We use cookies to personalize content, to provide social media features and to analyze our traffic. We also share information about your use of our site with our social media and analytics partners. More Information

Brexit & consequences for SME

Here the story of a Pakistani company selling Himalay salt. Worldwide the demand for salt is increasing and they want to jump the money train by expanding their markets. All they need is an action plan!

The company has 18 employees and a turnover of about 800 k€. They have a great offering in all kinds of different salt related products and want to grow their business by entering the European market. For an approach how to best handle this they turn to ENVISION.

Entering new markets

There are several models for entering new markets: Firstly, you can simply replicate your business model in other countries. Secondly, you can look for other key partners, like agents, distributors or shopping chains to get connected to new markets. A third option is to build a platform or a website targeted to an international market and offering a number of language alternatives. In our case the small Pakistani company relies on a contact person coming from their personal network. He represents the company in Europe, attends fairs, searches and finds agents and suitable distributors. For instance retailers specialized in natural health products,  furniture and home decoration retailers, pharmacies, spa-hotels, and restaurants, and supermarkets. Typically companies that act in a B2B market. Although this representative is based in Finland, the salt company focusses on the UK as their preferred market. So far so good with riding the train. And then the Brexit comes. Then what to do?

How to find a business solution for the changing market perspective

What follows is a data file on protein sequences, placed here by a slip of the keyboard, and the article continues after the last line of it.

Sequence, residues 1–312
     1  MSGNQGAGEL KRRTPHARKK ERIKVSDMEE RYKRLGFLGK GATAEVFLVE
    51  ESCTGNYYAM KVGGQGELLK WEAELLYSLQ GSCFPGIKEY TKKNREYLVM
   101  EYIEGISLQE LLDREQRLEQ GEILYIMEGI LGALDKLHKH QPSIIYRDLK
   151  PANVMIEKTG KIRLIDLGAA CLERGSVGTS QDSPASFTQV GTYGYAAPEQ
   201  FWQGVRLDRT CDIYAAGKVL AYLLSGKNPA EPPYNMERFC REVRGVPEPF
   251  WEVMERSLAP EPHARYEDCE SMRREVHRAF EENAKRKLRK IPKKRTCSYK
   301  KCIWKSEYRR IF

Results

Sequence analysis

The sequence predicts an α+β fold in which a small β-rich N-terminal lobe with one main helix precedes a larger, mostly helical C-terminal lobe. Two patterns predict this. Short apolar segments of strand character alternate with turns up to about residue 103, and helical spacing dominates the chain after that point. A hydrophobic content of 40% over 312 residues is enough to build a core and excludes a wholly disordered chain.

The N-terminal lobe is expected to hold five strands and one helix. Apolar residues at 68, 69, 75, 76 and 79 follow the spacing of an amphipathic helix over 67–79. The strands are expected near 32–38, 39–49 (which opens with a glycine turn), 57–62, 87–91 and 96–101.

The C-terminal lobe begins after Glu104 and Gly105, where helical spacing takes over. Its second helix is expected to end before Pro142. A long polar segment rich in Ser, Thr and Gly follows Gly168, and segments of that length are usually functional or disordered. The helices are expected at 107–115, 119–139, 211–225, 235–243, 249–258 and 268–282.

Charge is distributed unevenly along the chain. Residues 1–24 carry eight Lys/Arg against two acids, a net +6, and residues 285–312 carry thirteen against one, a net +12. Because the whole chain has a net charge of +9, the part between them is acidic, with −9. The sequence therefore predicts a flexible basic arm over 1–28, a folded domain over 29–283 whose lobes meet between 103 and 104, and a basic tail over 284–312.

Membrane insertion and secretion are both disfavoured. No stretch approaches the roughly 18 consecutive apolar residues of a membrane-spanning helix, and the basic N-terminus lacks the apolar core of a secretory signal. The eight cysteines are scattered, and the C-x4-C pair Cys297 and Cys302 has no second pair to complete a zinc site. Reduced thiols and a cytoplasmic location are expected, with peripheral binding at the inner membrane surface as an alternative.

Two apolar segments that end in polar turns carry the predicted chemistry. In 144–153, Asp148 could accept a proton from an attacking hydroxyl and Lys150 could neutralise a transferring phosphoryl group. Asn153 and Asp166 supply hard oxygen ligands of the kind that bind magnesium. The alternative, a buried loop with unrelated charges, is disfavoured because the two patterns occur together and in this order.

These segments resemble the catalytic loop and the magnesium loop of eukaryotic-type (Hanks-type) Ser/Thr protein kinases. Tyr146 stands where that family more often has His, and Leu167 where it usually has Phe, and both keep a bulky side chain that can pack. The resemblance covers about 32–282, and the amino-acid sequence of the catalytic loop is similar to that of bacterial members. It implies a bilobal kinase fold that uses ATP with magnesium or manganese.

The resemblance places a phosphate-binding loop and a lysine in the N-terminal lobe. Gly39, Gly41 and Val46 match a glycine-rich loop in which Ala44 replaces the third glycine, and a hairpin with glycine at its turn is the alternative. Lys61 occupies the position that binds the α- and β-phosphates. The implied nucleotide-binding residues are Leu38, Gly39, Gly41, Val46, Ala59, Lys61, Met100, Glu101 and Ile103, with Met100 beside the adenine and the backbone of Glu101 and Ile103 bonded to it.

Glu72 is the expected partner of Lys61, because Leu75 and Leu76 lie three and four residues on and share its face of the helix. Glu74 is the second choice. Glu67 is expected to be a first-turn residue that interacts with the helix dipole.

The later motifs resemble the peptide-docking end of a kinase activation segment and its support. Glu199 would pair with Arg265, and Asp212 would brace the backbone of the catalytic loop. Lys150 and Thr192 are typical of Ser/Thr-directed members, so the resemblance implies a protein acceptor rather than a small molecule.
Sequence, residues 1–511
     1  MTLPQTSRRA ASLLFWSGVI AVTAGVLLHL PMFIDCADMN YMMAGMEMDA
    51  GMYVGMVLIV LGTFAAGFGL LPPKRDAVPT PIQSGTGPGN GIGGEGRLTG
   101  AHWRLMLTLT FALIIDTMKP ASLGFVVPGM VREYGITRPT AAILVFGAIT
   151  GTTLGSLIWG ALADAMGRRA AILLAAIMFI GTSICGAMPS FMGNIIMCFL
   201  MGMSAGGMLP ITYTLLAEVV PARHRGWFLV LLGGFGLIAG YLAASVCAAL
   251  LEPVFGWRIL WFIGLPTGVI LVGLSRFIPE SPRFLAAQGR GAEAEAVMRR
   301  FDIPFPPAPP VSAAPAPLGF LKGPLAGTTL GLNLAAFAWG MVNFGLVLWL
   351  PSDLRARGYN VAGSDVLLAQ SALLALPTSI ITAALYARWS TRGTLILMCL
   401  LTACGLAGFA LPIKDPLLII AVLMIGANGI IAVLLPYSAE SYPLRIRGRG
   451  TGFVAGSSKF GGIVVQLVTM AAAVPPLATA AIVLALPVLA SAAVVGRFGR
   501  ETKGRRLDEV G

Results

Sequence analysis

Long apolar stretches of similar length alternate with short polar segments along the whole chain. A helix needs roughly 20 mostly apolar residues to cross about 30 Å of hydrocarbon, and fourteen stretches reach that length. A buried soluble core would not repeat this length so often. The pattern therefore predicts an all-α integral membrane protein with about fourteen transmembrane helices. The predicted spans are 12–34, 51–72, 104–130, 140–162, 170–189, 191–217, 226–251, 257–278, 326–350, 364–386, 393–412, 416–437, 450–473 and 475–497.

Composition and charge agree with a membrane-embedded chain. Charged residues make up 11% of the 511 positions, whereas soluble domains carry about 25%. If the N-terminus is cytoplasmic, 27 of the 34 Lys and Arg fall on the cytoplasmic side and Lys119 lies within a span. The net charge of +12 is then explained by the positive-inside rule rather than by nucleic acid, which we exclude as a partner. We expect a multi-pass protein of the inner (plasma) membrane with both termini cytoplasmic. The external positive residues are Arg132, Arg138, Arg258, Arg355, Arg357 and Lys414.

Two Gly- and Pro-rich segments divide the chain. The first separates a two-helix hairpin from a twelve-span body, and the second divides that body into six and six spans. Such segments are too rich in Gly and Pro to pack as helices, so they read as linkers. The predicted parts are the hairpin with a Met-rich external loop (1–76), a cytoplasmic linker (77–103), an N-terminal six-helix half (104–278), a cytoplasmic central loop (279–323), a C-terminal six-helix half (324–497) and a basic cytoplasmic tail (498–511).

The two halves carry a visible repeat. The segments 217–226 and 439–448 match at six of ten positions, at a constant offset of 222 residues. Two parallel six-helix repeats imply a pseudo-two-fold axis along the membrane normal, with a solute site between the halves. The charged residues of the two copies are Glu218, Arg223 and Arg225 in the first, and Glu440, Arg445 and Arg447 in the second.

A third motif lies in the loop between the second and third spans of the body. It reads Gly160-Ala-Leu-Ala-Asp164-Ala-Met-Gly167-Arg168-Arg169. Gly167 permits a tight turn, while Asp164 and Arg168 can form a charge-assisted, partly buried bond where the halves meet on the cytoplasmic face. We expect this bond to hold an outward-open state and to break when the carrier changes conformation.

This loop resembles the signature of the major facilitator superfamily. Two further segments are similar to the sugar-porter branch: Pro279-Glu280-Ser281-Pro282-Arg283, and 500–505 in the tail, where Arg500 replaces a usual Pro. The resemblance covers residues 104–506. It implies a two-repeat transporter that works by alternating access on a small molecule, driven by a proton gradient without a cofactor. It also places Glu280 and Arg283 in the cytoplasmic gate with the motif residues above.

Although the Brexit didn’t come as a surprise, the company really needed to consider what the impact of the Brexit for their business model would be. So, they turned to ENVISION for helping them evaluating their existing business strategies and creating alternative ones. For this they used the stress-test tool ENVISION developed on the buisnesmakeover.eu platform. This tool helped them understanding if their business model would be future proof. Changes in society, technology and markets can affect the future of any company and with this tool you can prepare and adapt to the future.

The new business solution. Work in progress!

They analysed the strong and the weak parts of their business and based on this, created a 2-phased plan that would make their business overall less vulnerable. They chose to keep focussing on the UK, by creating a strong foothold. At the same time, they realized they needed to push forward entry to other European markets. For this, their business model should be leaner and meaner. As mentioned earlier, the company relied on middlemen for entering the market. Of course, cutting out these middlemen would  improve their profitability substantially. So, the first phase of their Business Model involved partnering a new UK distributor and online sellers Ancient Wisdom and K-Living. The company is now working towards phase 2 of their Business Modelling: disintermediation of agents, partners, distributors when and where possible. They are planning to appoint one representative in the UK to get involved in operations with partners. From a direct oriented customer approach they are gradually moving over to a strong online customer approach. This will help them reducing costs and being there where the customers are looking for them.

The Brexit and consequences for SME’s from developing countries

As with our Salt companies, more companies focussing on the UK to enter the European Market. The Brexit and the expected ongoing trade debate from the UK with Europe, ask for an analysis of the trade restrictions and tariffs for developing economies. It will not be very likely that the UK trade policy will focus on the role the UK can play in the interest of developing economies to enter the European market. There are noteworthy concerns over whether the UK is willing and able to undertake such a role. The challenge of defining a new trade policy is substantial, and one for which the UK Government is not well prepared. Seeing scale of the tasks and the number of negotiations that the UK will face in the next year, there is a major risk that developing countries will be overlooked.